The issue of racism in Russell goes deeper than the eastern Ontario township’s namesake, says a former resident who says she faced regular discrimination growing up in the town.
Russell Township has been the subject of controversy in the past week for its ties to Peter Russell, the 18th-century government official after whom the town was named.
Russell was an administrator for what was then Upper Canada who delayed the abolition of slavery and himself owned slaves.
Denis Agar, a former resident now living in British Columbia, started the online campaign to address his hometown’s racist legacy in a Facebook post last week. A petition calling for Russell to formally change its name emerged shortly after, garnering more than 1,500 signatures as of Monday.
In response to competing calls from residents in favour of either changing or keeping the name, Pierre Leroux, Russell’s mayor, announced what he considered a compromise: naming the township after a different person named Russell.
The township will consider the proposal to officially change its namesake — but not the name — in a council meeting Monday evening.
“We don’t share the values, we never have shared the values, of Mr. Peter Russell, and we’re looking to move forward,” said Leroux.
But Caitlyn Dignard, a Black woman who grew up in Russell, says the proposal avoids addressing the real issues the town has with racism.
“Racism is alive in Russell,” she tells Global News.
Dignard, who is biracial, said she recalls facing discrimination in Russell as soon as she moved to the town in the first grade.
Among the numerous attacks and microaggressions she said she faced in the town’s school system, she says teenagers on the bus home from school would throw candy at her head and call her the N-word.
She says she “hardly knew what it meant at that point,” but the attacks drove home the difference she felt being Black in a largely white town.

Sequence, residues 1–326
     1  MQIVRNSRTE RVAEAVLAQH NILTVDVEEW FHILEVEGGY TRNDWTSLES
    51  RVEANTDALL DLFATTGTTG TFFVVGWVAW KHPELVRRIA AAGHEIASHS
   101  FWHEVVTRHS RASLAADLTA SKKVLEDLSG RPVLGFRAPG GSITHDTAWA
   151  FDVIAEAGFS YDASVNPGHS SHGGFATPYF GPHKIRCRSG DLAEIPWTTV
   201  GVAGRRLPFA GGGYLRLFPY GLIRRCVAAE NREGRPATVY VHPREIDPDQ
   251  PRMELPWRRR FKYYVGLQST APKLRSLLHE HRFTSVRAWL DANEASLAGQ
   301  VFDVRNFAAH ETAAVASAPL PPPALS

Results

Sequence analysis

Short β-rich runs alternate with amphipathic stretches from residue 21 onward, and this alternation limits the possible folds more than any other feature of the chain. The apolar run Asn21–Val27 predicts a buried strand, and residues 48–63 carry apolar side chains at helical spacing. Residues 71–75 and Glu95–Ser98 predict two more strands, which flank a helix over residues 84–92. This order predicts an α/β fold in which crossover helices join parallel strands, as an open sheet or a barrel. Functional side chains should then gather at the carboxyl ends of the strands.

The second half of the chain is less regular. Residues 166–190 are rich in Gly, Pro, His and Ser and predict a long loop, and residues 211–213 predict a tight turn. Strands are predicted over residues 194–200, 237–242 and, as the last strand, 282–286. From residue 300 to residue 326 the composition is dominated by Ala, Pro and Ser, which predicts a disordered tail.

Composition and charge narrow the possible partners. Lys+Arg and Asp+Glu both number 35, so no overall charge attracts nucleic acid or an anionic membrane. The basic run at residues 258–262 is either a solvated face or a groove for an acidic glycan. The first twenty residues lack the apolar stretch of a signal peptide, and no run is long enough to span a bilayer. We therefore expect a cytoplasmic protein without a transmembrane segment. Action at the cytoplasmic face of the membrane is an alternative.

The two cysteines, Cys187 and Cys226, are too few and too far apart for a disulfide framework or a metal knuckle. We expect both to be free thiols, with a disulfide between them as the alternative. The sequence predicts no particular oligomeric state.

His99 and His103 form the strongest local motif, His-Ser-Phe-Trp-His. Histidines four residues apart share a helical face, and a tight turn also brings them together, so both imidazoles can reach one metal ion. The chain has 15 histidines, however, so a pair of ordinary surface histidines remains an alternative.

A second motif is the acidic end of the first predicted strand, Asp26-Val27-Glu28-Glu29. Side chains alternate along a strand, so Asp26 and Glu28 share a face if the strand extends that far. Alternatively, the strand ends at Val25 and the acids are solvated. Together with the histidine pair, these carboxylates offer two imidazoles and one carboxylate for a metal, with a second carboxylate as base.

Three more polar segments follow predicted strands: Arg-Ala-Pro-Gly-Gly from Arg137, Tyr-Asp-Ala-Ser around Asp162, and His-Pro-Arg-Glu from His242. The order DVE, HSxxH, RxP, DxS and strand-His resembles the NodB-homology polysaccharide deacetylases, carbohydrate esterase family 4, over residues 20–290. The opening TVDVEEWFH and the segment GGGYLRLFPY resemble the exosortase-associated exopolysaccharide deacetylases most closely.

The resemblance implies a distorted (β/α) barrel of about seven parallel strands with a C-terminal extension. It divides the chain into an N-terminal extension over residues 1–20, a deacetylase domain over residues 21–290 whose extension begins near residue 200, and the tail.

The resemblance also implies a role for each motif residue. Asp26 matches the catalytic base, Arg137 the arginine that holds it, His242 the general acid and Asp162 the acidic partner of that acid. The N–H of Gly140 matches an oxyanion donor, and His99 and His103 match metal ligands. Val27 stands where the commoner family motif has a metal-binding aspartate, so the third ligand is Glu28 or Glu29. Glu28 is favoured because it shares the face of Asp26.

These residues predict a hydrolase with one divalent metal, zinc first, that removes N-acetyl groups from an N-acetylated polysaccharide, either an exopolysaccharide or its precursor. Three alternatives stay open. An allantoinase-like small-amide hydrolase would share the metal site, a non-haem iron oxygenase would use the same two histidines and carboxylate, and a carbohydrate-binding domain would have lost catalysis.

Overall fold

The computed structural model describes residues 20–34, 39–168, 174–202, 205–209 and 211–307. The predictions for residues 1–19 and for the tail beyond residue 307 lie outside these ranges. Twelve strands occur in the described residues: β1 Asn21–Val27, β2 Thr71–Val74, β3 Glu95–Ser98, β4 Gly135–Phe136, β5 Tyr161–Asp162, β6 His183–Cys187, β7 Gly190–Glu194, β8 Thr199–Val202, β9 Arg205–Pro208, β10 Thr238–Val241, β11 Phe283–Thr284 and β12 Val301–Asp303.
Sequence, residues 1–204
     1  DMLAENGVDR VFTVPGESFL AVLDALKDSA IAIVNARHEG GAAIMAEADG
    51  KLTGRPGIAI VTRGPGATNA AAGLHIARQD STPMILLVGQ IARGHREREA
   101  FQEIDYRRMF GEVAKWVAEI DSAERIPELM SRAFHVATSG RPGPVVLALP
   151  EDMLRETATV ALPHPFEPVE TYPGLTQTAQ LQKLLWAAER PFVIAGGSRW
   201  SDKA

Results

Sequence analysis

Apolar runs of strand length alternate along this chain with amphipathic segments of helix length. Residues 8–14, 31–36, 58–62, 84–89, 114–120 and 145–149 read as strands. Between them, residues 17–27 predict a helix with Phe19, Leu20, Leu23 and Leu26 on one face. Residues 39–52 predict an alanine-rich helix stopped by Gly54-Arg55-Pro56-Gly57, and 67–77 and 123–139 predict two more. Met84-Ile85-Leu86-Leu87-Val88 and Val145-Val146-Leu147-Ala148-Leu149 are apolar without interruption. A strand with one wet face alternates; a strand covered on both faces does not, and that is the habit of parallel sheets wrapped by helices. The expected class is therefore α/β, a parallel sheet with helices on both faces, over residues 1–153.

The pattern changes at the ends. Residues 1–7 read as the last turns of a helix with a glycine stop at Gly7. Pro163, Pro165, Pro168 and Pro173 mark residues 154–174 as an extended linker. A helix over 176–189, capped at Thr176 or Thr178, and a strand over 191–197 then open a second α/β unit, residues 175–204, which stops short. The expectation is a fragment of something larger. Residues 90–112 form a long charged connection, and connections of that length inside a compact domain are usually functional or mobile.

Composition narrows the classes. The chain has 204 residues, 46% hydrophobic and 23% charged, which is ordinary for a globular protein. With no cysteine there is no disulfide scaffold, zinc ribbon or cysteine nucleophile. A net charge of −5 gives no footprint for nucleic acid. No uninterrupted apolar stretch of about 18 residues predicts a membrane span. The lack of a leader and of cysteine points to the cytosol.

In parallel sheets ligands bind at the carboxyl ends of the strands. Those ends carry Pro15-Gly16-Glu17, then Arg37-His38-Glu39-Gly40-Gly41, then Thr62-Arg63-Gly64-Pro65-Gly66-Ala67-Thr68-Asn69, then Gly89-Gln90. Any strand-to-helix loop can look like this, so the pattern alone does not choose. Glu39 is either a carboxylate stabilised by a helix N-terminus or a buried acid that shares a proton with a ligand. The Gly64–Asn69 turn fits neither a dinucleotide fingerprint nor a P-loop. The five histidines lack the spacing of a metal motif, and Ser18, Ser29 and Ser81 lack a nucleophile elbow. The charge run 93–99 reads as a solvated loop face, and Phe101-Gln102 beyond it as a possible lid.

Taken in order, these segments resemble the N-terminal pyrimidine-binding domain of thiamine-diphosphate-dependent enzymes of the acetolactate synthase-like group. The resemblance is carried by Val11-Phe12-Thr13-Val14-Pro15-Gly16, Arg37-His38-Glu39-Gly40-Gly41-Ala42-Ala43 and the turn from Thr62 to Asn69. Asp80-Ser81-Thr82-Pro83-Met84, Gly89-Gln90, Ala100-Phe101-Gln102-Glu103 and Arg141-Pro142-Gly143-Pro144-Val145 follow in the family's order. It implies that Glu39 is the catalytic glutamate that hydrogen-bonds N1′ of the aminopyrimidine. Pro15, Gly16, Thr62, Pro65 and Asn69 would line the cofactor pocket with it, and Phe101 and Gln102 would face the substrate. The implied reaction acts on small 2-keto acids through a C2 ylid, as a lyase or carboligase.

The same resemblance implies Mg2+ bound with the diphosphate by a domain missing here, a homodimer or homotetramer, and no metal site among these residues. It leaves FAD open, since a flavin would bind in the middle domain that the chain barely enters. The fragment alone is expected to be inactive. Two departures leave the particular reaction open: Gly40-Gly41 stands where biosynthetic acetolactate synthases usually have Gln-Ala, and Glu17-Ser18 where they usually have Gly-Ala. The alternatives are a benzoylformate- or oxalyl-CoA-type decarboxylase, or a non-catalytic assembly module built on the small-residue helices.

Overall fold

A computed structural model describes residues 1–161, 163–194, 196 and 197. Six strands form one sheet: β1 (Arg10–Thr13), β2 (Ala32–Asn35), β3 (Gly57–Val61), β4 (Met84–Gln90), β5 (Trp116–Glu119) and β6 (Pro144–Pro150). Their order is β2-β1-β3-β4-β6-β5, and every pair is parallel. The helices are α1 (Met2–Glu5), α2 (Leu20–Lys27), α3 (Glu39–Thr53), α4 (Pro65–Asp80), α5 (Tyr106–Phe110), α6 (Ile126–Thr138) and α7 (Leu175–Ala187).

“Things like that are really traumatic,” she said.
Racist behaviour like this would continue to follow her through high school, but when she approached administrators about the issue, she said she was asked to consider her own role in starting “girl drama” and serious action was never taken.
“It’s so frustrating to have experienced so much blatant anti-Blackness and gaslighting,” Dignard said.
“It’s always zero tolerance until something happens, and then it’s just swept under the rug.”
Now an Ottawa resident, Dignard said the regular experiences with racism were among the factors that pushed her and her family to move away from Russell two years ago.
Dignard said she never knew growing up that Russell was named after a slave owner, but is fervently in support of changing the name now that it has become public knowledge.
She doesn’t mince words on the proposal to keep the name but change the particular tribute.
“I hate it,” Dignard said.
Addressing the town’s past without changing the actual name is a “Band-Aid” solution, she said.
Leroux said part of the reason to keep the name is out of concern for family businesses in the township who have built their brands on Russell.
“And if you change the town name, what happens to all these organizations who’ve built up a reputation for being kindhearted loving people and incredible businesses? You’re saying, well, that name is by default still tied to this guy 200 years ago,” he said.
The business argument falls flat to Dignard.
“The township of Russell would rather just not spend money. And it hurts me to know that money is worth more than Black lives and safety and pain.”
She said if she were a high school student in Russell and the name was changed, it would have given her a sense of “peace.”
“I think if it were changed, I think there would be a lot more people curious about why it was changed and willing to educate themselves and do the work, which is something they were not taught in school,” she said.
Leroux said he hopes the proposal spurs school projects and campaigns from other members of the public advocating for their favourite Russells.
— With files from Canadian Press